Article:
Tuesday, September 25, 2012

Where is London Bridge Now?

Visiting the UK surely is a dream come true for most Historical Romance writers.
And when I visited the UK last year, one of my first experiences was discovering their bridges.

Excited to be on the famous Tower Bridge we went below to check out the engine room, where the huge steam engines are that operated the opening up of the bridge in the late 19th century.

Of course a lot of it went over my head, but Hubby was fascinated, him being a fitter and machinist and having done his apprenticeship working with steam engines and the like.
I was more intrigued when we trolled the many rooms and read that the original London Bridge is no longer in UK.   It is in the USA.
Surprised? .... Yeah I know ... so was I. And for some absolutely unprofound, absolutely paranoyic reason, this bothered me. I mean I'm not even British ... lol
Busy with traffic
in the 1900's

   After grilling one of the helpful attendants at the Bridge Museum for as much info as  they knew, I decided when I got home I would start digging about and this is more of what I found out.                                  
It seems that by 1962 the bridge was not sound enough for the increased traffic in London, so it was sold by the city of London and bought by Robert P. McCulloch.

                              The 1831 London bridge was dismantled in 1967 with each exterior granite block numbered for transportation to America. The face of these exterior blocks was sheared off and used to clad a concrete structure.
The bridge was completed in 1971 and links an island in the lake to the main part of Lake Havasu City. Arizona.

The Bridge as it is Today  in Lake Havasu City, Arizona

London Bridge on the River Thames about 1870
If you want to know more interesting facts about this famous bridge popover and read another post on the London Bridge at this site:
  Hoydens and Firebrands

Thanks to the staff at London Bridge and further info collected from Wikipedia:
Information on the relocation of London Bridge.

Monday, September 17, 2012


Writers are often asked where they get their idea for a story. Inspiration can strike in the most unexpected ways and sometimes there is no one trigger point for a story. 

GATHER THE BONES is a story that came from a number of different sources but it is perhaps a little brown book published in 1920 that I found at the back of my parents bookshelves that sowed the seeds of my hero, Paul’s war. Ypres and the Battle for Ypres 1914-1918, An illustrated history and guide”.

 It seems extraordinary that less than two years after the end of the war there was already a tourist industry around the battlefields, but the clue comes from a little insert on the town of Ypres which describes it as the “Centre for English, French and American Pilgrims”. In this little leaflet are advertisements for “Touring Cars” (wreaths by arrangement “placed on graves and photographed”), Hotels bearing the names “The Splendid” and “Hotel Britannique”. A good cup of tea in three minutes can be obtained from the Patisserie and Tea Rooms of Me Ve Vandaele on the Grand Place.

The Michelin Guides are ubiquitous today and I have a small collection of the narrow green guides for parts of France I have visited. It began in 1900 just as the first automobiles were appearing on the roads of  France. Two enterprising brothers, André and Edouard Michelin decided to produce a small guide, given free to motorists, listing petrol stations across France and information on where to get your vehicle repaired as well as crucial information on accommodation and meals.  In 1904 the Guide went international, with the publication of the Michelin Guide Belgium.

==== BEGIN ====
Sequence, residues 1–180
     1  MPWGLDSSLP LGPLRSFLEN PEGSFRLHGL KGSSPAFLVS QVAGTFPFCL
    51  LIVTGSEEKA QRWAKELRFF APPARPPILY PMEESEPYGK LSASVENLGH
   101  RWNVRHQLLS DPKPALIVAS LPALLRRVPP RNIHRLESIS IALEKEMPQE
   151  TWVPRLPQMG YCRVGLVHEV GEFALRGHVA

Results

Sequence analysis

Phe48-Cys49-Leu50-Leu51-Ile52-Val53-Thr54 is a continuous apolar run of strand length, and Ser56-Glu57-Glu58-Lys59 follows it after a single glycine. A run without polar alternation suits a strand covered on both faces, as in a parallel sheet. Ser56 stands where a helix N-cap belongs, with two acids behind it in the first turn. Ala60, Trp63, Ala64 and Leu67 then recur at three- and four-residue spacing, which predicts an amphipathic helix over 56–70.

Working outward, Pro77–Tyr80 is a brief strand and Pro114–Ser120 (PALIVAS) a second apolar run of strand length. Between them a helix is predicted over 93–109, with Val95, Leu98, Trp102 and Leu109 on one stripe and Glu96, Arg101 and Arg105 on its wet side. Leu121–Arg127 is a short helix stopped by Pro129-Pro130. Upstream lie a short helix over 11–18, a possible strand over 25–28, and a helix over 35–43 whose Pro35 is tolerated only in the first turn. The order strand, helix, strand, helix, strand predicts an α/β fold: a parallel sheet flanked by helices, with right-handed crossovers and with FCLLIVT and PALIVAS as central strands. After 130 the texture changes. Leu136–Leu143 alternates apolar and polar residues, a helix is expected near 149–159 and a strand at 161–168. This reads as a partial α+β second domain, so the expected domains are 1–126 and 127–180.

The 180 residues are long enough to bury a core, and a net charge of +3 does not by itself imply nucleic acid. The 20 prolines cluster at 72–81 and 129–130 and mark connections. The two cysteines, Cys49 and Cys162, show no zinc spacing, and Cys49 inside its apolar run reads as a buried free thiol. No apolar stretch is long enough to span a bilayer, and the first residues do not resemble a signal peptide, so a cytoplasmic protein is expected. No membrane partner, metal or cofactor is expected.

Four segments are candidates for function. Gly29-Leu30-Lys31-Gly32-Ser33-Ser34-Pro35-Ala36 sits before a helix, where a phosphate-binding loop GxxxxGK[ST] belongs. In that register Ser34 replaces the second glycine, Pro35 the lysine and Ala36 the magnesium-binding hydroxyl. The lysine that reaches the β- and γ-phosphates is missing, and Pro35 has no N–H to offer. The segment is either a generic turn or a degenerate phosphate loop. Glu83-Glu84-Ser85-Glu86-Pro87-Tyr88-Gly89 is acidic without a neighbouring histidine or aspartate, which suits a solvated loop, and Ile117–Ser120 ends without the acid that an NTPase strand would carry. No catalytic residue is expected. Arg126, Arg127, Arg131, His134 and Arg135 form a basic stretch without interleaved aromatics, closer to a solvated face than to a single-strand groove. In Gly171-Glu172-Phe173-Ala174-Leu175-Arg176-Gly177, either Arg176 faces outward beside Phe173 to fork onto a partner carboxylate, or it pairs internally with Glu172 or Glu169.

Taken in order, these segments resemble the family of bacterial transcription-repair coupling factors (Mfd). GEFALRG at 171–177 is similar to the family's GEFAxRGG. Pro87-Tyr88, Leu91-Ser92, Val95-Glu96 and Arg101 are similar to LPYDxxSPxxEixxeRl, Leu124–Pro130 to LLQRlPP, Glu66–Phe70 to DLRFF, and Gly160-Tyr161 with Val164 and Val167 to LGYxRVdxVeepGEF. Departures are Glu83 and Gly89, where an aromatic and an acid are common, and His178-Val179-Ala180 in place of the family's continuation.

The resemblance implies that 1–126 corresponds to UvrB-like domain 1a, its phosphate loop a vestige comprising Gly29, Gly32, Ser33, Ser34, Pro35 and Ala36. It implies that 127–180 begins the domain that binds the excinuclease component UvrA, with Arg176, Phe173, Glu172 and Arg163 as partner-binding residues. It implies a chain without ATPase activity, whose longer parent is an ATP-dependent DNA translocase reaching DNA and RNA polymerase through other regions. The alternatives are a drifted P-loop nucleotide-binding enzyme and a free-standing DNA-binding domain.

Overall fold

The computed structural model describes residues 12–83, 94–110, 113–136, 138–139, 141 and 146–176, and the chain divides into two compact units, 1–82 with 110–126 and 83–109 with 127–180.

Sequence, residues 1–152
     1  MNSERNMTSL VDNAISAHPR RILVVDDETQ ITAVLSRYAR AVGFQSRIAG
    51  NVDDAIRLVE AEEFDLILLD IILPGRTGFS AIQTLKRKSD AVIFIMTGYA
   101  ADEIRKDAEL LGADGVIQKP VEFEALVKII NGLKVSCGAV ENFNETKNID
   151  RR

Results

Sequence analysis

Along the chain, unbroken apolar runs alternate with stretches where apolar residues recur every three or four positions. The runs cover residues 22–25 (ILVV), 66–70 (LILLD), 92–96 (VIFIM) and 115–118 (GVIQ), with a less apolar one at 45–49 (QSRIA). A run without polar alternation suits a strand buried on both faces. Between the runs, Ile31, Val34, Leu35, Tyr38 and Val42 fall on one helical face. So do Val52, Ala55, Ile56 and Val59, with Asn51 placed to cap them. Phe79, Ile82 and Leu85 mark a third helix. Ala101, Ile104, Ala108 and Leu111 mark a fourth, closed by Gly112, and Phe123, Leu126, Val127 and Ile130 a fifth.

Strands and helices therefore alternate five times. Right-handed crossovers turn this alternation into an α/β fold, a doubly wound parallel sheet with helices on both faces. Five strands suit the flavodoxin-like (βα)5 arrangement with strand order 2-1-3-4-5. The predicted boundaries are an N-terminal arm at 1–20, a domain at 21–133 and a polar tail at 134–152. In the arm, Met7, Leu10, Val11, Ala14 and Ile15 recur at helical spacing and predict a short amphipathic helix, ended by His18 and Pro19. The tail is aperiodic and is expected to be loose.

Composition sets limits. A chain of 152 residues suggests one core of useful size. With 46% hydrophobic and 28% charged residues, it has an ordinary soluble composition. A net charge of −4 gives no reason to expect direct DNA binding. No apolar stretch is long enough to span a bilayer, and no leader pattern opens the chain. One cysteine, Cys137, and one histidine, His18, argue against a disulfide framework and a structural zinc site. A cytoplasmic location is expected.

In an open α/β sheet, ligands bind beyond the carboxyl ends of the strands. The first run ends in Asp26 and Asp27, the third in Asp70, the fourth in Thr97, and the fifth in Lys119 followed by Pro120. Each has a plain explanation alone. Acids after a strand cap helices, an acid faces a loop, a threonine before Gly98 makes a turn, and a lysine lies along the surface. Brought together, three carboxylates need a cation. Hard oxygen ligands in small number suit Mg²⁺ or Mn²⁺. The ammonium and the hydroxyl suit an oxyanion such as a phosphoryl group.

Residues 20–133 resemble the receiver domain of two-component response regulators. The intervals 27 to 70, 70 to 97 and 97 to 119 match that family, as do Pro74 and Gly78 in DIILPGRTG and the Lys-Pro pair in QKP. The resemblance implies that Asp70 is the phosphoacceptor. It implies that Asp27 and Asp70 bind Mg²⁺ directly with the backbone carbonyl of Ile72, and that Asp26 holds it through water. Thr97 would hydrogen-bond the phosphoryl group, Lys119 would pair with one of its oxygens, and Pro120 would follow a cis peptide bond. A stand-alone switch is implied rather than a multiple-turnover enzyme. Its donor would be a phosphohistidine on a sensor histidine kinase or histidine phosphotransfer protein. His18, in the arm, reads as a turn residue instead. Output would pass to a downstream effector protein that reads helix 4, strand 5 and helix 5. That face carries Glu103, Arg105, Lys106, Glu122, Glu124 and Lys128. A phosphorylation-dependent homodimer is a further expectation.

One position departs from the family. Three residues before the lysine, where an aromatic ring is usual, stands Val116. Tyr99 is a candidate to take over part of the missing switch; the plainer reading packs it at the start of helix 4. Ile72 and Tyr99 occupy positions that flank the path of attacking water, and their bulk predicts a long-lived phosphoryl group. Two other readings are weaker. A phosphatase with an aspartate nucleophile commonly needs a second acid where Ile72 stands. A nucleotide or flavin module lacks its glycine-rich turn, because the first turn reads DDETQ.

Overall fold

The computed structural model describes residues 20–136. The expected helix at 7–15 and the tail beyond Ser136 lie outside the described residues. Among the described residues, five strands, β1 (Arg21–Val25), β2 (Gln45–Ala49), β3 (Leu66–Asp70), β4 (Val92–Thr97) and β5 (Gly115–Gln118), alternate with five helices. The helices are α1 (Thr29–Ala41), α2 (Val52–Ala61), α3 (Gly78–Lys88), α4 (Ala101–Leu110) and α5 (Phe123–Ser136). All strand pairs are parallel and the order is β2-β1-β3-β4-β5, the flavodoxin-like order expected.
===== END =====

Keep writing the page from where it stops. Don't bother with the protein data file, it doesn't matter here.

The company must have seen the opportunity that existed and even while the war still raged it started to produce a produced a series of guides to the battlefields. According to a page in the guide, during the war itself, Michelin converted a warehouse into a hospital for the wounded, all funded by the company. It opened on September 22 1914 and the first wounded arrived that night. In all nearly 3000 soldiers were treated at the Michelin Hospital. (An illustrated booklet on how Michelin "did his bit" will be sent "free on application")

We are informed that during the Great War, Ypres was bombarded continuously for four years and 250,000 British fell defending the city. “Today Ypres is being quickly reconstructed,out of 5,000 Houses destroyed, 3,000 will have been rebuild by the end of 1923; thanks to the tenacity of the Population and financial help from the Belgium Government.”
“A number of quite up to date Hotels, providing every comfort: Central Heating, Electricity, Baths etc are already in full swing. ..The country around is agricultural, with villages and farms being rebuilt once more...Every convenience and comfort for Pilgrims and Tourists is to be had in Ypres...”

So we have hired our touring car (with a British Driver), fortified ourself with a 3 minute cup of tea and off we go. The most extraordinary thing about this little book are the illustrations: Before and After shots of little towns, chateau, woods and churches. Our touring car is pictured driving down a road lined by the broken stumps of trees and this is another taken at an intersection in what would have once been the thriving little town of Messines. 

My husband and I visited modern Ypres in 2005. Like the little towns of the Ypres salient it has been rebuilt, reconstructed to look as it did before 1914, but in the flat, green fields of the Ypres salient are the many, many cemeteries and memorials and in places it is still possible to see the craters and trenches that once criss crossed the area. 

Even ninety years after the last gun was silenced, the bodies of the missing were being discovered and a reinternment was occurring while we were there. I tried to imagine what it was like for the families of those young men who had no graveside to mourn and slowly the idea for Gather the Bones took shape.
I had Paul’s war there on my desk. In that non descript little book I had the images of the battlefields, the trenches, the concrete machine gun posts but more importantly I had the pilgrimage. Evelyn, Charlie’s mother, has to see where her son died, to really believe he is dead. It was the Evelyns who bought the 1920 Michelin Guide, booked the Hotel Splendid, bought their wreath and in their hired touring car, laid their ghosts to rest.

Thursday, September 13, 2012

Historical Hearts Good News

Maggi Andersen is celebrating her latest release
A Baron in Her Bed
Available now from
Amazon UK
Knox Robinson Publishing andThe Book Depository.
A Baron in Her Bed will be available at
Amazon US in March 2013
Short blurb: London, 1816. A handsome baron. A faux betrothal. And Horatia's plan to join the London literary set takes a dangerous turn.